Alpert and A&M Records partner Jerry Moss received a Grammy Trustees Award in 1997 for their lifetime achievements in the recording industry as executives.
For his contribution to the recording industry, Herb Alpert has a star on the Hollywood Walk of Fame at 6929 Hollywood Blvd. Moss also has a star on the Walk of Fame. Alpert and Moss were also inducted into the Rock and Roll Hall of Fame on March 13, 2006 as non-performer lifetime achievers for their work at A&M.

Life after the Brass
Alpert continues to play his trumpet and devotes time to his second career as an abstract expressionist painter and sculptor with shows around the United States, as a Broadway theatre producer. His production of Tony Kushner's Angels in America won a Tony award.
In the 1980s he created The Herb Alpert Foundation and the Alpert Awards in the Arts[4] with The California Institute of the Arts (CalArts). The Foundation supports youth and arts education as well as environmental issues and helps fund the PBS series "Bill Moyers on Faith and Reason."
He has provided funding for the culture jamming activists known as the Yesmen.
Although he has not released an album of new material since 1999's "Herb Alpert and Colors", he is actively overseeing the reissue of his music library. In 2000, Alpert bought back the rights to his music from Universal Music (current owners of A&M Records), and began remastering his albums for CD reissue. In 2005, Shout! Factory began distributing digitally remastered versions of Alpert's A&M output, including a new album, Lost Treasures, consisting of unreleased material from Alpert's Tijuana Brass years. In the spring of 2006, a remixed version of the Whipped Cream album, entitled Whipped Cream and Other Delights: Re-Whipped was released and climbed to #5 on the Billboard Contemporary Jazz chart.
He continues to be a guest artist for friends like Gato Barbieri, Rita Coolidge, Jim Brickman, Brian Culbertson and David Lanz.
His songs have been in various TV shows such as Saturday Night Live.
Alpert was also credited with an acting role in the Beastie Boys music video, "Ch-Check It Out," although he did not appear.
Apart from the reissues, the Christmas Album continues to be available every year during the holiday season.


The song "Tijuana Taxi" is played in an episode of The Simpsons where Bart assumes that the family misses him when he is forced to be 200 feet away from Lisa, but inside the house, Marge, Homer, Lisa, and even Maggie, are "celebrating" by playing "Tijuana Taxi". At the very end of the episode, where everything is back to the way it was, the family, minus Bart again, plays this song again outside in the backyard, while Bart chases an animal around. The song also features in another episode when Mr. Burns gives testimony in a civil trial.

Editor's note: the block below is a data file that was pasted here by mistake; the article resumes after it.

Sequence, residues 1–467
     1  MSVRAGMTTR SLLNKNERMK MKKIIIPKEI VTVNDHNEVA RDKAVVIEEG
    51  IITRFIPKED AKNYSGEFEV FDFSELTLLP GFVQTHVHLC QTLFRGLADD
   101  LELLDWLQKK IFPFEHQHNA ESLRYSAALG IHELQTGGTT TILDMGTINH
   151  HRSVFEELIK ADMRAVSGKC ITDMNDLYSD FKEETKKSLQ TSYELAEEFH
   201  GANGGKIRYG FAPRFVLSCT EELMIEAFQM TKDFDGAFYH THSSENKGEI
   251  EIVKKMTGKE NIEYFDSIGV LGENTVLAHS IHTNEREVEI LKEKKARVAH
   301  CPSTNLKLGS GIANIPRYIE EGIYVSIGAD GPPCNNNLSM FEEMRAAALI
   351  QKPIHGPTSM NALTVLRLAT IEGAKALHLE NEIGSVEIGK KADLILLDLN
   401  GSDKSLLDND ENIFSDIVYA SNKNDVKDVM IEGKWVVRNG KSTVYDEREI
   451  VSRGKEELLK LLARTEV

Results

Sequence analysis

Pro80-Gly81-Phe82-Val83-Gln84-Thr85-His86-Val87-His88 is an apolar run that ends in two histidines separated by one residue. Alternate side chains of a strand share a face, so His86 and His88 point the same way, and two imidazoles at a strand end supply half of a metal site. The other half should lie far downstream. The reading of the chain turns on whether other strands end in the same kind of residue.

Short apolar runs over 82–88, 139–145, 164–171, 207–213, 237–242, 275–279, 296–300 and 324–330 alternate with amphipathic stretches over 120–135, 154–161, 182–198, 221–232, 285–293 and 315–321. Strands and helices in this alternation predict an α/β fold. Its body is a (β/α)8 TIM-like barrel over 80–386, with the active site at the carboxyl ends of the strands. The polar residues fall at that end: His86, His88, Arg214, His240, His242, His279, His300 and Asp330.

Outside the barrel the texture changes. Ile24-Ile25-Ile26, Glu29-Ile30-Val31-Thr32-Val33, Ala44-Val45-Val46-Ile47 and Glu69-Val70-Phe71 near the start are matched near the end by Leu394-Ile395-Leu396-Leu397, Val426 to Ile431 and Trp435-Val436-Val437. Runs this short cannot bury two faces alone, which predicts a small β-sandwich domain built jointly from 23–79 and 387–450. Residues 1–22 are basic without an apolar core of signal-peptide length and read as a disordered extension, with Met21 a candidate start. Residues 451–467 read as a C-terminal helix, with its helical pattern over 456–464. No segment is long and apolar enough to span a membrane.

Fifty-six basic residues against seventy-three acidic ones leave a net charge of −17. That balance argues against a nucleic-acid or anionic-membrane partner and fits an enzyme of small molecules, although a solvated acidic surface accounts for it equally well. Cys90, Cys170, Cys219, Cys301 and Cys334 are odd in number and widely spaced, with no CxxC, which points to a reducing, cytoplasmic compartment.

"Spanish Flea" is played in another episode of The Simpsons to which Homer sings along in his car while waiting for Bart to emerge from a Spinal Tap concert. This song has appeared in 4 other times in 4 other episodes of the show.
Some of "Spanish Flea" is played in American Pie 2 in a scene at the band camp by a senior member of the camp on a trumpet.
In the King of Queens, Carrie's father Arthur dances to the song "Tijuana Taxi" as the record Carrie replaced (she had broken her father's Herb Alpert "South of the Border" record 15 years ago) plays on the record player. He dances at the very end of the episode.
The Song 'Rise' is used as the main hook for the The Notorious B.I.G. single 'Hypnotise'
English Association Football League One team Leyton Orient (from East London) run out at the start of each match to the strains of "Tijuana Taxi." This is a tradition dating back to the late 1960s of unknown/uncertain origin.
The song 'Beanbag' is best remembered in the UK as the theme music to the long running British physical game show It's A Knockout.
The Cover & Title of Soul Asylum's 1989 album Clam Dip & Other Delights is a parody of Herb Alpert & The Tijuana Brass's Whipped Cream & Other Delights.
The track, Tijuana Taxi, can also be heard on an episode of 'Just Shoot Me', as Dennis commits a number of mischievous deeds.
Herb makes a cameo appearance in the Jeff Beck music video Ambitious.
In the movie Matchstick Men (film), the Nicholas Cage character is playing the song "The Lonely Bull."
"Casino Royale Theme" is featured on Saturday Night Live during the guest appearance of Peyton Manning. Herb Alpert and his Music in Modern Culture

Herb Alpert

20th century brass instrumentalists
List of trumpeters
List of number-one hits (United States)
List of artists who reached number one on the Hot 100 (U.S.)
List of Number 1 Dance Hits (United States)
List of artists who reached number one on the U.S. Dance chart